Sunday, April 6, 2008


A basic tenant of Capitalism is the right to fail. If each of us is to be allowed to pursue our ambitions without interference then we should accept the consequences if we are not successful. This has been blurred over the 200 years of existence of our country. We have come to expect sympathy and handouts instead. Should we become rich then in our greed we demand lower taxes on income whether it be in wages or profits from capital gains or dividends. Should we fail we demand to be rewarded for our failure. There are many examples of this. To name a few of recent times;
1- Just this week the U.S. Senate approved an addition $1 billion to cover losses from hurricanes Rita and Katrina. Included in this are grants of up to $150,000 per homeowner and accelerated depreciation for businesses. Sure the hurricanes were tragic, but I ask was there insurance available which was not purchased because it cost too much? Were the homes destroyed worth as much as $150,000? From the ones I have seen on television, I would conclude that they weren’t. The billions that have been poured into this area for the most part were wasted. This is usually the case. The treasury is opened, vultures dive in to get as much as they can. Few dollars actually reach those most in need.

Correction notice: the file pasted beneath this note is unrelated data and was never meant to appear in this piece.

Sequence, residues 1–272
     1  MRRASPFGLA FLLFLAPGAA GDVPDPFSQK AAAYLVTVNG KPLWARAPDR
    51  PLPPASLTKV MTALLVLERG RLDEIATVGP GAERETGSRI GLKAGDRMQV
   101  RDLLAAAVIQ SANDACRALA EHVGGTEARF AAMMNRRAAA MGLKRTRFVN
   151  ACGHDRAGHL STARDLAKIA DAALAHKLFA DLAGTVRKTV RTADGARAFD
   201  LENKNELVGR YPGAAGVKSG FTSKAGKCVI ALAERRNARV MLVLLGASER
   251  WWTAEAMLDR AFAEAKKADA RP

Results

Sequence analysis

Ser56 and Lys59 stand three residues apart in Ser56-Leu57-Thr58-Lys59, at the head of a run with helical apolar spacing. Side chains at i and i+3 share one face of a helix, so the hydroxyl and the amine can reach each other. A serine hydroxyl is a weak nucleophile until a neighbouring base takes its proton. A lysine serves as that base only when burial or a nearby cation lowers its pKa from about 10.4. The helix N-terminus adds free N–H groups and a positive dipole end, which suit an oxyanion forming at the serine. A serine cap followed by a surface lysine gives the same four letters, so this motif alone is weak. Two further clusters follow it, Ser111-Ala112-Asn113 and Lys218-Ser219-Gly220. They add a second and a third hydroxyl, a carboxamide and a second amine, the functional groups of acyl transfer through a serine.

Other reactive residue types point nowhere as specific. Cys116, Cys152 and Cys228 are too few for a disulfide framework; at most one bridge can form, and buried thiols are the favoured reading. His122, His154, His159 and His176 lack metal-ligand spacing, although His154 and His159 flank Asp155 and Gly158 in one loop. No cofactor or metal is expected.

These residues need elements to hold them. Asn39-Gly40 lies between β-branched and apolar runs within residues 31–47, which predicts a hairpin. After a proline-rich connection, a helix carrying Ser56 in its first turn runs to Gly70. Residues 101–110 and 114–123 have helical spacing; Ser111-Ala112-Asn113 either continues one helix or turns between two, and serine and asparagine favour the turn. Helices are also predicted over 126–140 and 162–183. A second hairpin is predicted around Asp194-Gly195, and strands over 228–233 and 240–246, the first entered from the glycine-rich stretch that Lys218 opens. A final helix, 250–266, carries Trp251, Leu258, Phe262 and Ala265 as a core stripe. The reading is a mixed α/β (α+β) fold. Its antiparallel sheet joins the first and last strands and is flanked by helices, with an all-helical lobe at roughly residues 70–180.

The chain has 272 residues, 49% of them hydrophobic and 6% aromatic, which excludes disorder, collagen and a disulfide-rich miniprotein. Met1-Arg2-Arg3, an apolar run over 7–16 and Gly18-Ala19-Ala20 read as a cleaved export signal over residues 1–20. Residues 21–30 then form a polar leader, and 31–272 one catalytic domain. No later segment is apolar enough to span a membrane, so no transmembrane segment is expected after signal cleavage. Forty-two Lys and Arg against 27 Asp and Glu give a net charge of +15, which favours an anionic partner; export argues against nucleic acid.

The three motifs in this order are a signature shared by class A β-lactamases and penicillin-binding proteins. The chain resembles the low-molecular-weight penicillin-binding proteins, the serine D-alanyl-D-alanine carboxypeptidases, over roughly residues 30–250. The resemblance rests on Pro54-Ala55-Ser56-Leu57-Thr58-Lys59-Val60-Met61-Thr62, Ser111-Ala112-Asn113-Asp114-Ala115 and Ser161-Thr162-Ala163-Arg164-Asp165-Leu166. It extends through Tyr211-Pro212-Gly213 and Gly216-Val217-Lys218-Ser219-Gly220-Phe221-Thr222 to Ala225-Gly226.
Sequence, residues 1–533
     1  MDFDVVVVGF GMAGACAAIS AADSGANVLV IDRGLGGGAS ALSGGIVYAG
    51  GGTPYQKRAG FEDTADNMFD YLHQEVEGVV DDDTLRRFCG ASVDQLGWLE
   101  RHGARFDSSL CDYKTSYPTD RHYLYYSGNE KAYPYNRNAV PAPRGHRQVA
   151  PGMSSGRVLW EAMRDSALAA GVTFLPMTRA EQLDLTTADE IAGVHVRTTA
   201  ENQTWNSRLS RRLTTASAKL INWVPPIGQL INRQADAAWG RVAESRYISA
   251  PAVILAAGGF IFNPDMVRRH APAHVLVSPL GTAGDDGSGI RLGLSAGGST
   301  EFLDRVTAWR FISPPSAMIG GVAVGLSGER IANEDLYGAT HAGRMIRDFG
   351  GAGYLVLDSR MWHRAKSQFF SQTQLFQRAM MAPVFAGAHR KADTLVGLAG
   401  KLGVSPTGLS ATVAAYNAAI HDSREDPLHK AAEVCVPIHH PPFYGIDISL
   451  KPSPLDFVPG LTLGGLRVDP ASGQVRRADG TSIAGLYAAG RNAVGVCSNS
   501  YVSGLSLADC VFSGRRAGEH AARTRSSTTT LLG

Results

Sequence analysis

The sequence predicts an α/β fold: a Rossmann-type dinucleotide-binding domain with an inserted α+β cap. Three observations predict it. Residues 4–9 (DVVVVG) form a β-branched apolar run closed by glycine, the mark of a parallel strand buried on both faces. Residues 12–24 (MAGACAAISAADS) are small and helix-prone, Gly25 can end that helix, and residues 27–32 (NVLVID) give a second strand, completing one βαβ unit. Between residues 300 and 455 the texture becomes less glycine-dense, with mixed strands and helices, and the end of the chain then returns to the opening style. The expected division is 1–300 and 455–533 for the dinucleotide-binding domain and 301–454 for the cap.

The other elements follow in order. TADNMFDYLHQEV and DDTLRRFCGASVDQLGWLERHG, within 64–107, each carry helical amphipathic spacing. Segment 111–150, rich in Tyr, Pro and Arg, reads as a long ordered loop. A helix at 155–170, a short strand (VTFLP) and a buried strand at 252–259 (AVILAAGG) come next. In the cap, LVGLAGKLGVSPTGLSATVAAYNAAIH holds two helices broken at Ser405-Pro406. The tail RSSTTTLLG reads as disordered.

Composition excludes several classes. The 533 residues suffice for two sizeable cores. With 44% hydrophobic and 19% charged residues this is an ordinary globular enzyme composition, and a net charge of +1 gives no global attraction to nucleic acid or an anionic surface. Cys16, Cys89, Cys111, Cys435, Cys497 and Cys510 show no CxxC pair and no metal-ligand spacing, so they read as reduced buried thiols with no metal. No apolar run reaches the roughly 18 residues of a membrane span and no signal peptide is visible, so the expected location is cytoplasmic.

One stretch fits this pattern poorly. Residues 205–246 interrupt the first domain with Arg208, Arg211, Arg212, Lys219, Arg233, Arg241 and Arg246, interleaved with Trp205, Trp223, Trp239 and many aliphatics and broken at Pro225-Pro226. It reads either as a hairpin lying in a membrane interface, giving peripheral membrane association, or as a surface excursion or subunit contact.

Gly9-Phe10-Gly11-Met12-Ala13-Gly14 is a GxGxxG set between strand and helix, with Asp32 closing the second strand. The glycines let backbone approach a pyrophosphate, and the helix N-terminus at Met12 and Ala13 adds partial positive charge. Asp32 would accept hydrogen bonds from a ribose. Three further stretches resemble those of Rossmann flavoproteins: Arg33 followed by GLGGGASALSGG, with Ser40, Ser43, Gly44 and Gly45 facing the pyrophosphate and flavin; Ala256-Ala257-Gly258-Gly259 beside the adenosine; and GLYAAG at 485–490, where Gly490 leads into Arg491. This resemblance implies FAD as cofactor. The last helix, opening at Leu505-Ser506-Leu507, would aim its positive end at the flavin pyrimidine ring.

2- West coast salmon fishing industries. The salmon have been fished to near extinction. The government is considering a complete shut down this year in a desperate attempt to allow the species to rejuvenate itself. Those affected are fishermen, the tourist industry including accommodations, restaurants, supply stores and others. When business was booming they were happy to take their profits but now they are demanding handouts to cover their losses.
3- After the 9/11 tragedy, everyone it seems, living and working in the N.Y.C. area, requested and received generous handouts for lost income. I doubt if anything like proof was required.
4- One of my favorites I became aware of in 1987, when we went to Chapel Hill, N.C. to visit my daughter Amy on her spring break. We spent it on the outer banks. While driving along the narrow sand strips that are the outer banks we saw homes built on stilts, obviously very vulnerable. Hurricanes routinely strike this area with houses demolished. The homeowners could not buy insurance from private carriers but guess what our government does, which means that you and I on foot the bill.
5- The current implosion in the value of residences is another example. During recent years the value of homes escalated at an accelerated rate, far above realistic expectations. I remember an article about a doublewide manufactured home in California that sold for $1 million.